1. This is a petition under Article 226 of the Constitution of India.
2. The petitioner was a District and Sessions Judge in the former Bikaner State for some years prior to the formation of the United State of Rajas-than by the covenant dated 30-3-1949, entered into by the various rulers including the Maharaja of Bikaner.
Some time after the formation of Rajasthan provisional postings were made on an 'ad hoc' basis by Government Order No. F-l (12) Int. B/50, dated 25-5-1950, and the petitioner was provisionally posted as Civil and Additional Sessions Judge of Jhunjhunu.
The Government notification of the said postings mentioned in para. 6 that all the appointments were provisional, and that the emoluments of none of the officers appointed were being affected, and they would continue to draw their existing salaries until further orders. It was declared that all the appointments were without prejudice to the creation of Judicial Service in Rajasthan to be formed in accordance with the rules which may be made therefor.
3. The Rules and Instructions for Selection of Government Servants and Fixation of Seniority with respect to Rajasthan Judicial Service were published in the Rajasthan Rajpatra of 23-8-1950, under the signature of Mr. V. Narayanan Additional Chief Secretary to the Government of Rajas-than.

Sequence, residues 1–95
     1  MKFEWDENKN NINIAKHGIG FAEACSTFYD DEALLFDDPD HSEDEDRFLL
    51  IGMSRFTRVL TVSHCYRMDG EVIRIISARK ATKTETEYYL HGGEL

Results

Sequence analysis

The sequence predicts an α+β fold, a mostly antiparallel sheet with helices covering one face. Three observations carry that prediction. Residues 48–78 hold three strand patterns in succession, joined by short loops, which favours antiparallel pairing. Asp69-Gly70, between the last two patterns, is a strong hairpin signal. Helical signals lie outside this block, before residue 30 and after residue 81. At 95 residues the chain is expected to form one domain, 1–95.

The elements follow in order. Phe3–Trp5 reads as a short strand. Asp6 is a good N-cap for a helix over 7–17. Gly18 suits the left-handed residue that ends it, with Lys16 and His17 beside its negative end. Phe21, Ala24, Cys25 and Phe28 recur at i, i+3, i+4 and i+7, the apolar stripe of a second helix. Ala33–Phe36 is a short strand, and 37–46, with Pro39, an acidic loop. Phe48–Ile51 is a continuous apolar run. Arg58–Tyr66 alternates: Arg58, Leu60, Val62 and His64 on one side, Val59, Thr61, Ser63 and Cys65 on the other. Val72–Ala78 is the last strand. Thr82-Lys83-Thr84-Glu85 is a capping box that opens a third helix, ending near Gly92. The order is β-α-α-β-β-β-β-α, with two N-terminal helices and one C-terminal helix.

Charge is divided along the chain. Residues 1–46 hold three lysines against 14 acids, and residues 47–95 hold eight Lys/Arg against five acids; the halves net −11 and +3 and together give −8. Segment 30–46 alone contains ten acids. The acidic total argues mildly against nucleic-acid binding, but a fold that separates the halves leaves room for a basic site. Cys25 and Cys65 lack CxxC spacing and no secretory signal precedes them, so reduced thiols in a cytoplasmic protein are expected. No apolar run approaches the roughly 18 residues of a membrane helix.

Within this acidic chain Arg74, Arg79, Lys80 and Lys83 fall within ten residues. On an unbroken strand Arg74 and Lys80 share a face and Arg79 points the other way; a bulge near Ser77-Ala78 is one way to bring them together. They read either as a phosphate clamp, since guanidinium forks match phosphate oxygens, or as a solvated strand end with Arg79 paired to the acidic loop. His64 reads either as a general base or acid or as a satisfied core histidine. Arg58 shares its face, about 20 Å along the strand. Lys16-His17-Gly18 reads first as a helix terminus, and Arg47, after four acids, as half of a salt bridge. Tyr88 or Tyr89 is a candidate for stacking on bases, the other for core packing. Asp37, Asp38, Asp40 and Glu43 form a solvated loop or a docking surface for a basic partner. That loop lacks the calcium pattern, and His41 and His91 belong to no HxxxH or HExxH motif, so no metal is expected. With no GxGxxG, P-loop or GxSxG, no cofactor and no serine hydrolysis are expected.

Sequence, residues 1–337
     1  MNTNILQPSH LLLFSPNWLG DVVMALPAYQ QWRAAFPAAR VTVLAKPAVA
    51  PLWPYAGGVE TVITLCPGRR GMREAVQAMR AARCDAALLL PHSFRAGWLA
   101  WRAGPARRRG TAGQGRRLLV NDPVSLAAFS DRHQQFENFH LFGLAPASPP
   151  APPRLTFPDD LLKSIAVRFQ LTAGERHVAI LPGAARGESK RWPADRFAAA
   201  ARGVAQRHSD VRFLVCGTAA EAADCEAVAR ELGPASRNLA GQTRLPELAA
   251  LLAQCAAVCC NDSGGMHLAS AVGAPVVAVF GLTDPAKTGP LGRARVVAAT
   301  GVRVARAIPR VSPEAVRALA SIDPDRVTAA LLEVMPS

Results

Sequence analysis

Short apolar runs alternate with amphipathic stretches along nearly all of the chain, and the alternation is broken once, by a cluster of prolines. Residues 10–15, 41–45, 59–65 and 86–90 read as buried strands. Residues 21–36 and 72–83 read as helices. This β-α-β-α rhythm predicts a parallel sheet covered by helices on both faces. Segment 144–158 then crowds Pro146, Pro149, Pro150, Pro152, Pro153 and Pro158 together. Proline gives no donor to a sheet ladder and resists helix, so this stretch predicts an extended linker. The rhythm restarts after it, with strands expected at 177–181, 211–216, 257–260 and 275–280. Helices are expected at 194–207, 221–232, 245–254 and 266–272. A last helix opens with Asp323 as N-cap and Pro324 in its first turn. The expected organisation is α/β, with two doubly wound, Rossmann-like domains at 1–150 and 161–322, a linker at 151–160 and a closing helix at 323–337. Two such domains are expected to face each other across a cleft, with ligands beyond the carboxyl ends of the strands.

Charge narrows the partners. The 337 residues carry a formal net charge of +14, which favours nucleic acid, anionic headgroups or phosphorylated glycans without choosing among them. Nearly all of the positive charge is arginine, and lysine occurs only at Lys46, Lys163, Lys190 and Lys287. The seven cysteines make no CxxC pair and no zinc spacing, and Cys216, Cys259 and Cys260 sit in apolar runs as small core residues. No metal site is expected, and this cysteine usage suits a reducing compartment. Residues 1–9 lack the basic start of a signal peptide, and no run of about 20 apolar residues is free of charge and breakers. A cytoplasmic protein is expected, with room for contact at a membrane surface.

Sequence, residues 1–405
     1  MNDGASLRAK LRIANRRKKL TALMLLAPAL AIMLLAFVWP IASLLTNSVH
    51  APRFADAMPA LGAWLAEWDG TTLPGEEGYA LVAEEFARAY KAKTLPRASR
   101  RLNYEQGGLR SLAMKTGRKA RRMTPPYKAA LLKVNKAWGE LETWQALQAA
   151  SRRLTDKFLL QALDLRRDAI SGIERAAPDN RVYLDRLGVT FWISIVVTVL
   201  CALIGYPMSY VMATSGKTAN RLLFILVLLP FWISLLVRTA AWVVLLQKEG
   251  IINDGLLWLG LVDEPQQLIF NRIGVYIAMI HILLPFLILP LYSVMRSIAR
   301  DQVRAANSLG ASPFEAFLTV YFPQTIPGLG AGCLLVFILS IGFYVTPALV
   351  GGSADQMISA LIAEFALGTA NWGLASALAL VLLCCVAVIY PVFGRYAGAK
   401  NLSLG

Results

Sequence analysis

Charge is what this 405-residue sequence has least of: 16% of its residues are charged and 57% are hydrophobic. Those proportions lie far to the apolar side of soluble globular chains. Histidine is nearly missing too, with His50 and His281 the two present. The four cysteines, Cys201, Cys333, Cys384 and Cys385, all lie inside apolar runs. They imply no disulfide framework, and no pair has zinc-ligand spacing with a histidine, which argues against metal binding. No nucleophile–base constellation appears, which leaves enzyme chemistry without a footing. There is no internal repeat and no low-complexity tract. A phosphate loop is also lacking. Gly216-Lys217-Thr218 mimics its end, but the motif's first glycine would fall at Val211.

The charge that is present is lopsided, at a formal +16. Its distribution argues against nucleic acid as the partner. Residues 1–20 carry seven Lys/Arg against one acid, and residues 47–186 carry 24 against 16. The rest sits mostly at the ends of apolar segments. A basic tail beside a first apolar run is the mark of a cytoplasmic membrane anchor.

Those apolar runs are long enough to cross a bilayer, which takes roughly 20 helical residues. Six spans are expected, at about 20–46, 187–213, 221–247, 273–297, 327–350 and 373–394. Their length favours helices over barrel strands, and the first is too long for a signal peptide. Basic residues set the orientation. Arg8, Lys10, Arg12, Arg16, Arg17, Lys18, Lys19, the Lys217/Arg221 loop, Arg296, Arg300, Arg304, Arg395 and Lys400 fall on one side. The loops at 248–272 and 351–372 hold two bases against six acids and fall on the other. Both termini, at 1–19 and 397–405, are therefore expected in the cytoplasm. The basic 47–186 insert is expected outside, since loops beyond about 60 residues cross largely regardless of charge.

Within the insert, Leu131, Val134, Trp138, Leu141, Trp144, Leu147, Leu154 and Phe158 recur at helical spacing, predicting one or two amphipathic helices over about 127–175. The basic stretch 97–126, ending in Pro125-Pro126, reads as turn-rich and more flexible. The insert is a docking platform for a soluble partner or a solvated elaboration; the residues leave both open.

The said rules purported to constitute a Selection Committee for purposes of selecting officers from among those then in service for permanent appointment in the Rajasthan Judicial Service and arranging them in order of seniority. It consisted of: 1, the Hon'ble Chief Justice, 2 the Chairman, Public Service Commission, 3 a Judge of the High Court nominated by the Hon'ble the Chief Justice.
The strength of the Rajasthan Judicial Service was notified to be -
(a)Senior Posts, viz.,
(i) District and Sessions Judges and Additional District and Sessions Judges, Registrar, High Court and Legal Remembrancer cum Law Secretary.19.(ii) Civil and Additional SessionsJudges.15.(b)Junior Posts, Viz., Civil Judges, Munsiffs and Deputy Registrars.106.(c) Reserve for deputation6.(d) Leave and training reserves14.
Rules 4, 5, 6 and 7 declared who were and who were not eligible for selection and appointment to the Rajasthan Judicial Service. Candidates were directed by Rule 8 to apply in prescribed form to the Secretary, Integration Department, by 20-9-1950 at the latest.
4. The Committee met, interviewed the candidates and made certain recommendations, and on 23-4-1951, the Government of Rajasthan issued Notification No. F-l(357) Appts. (A)/5l, as follows: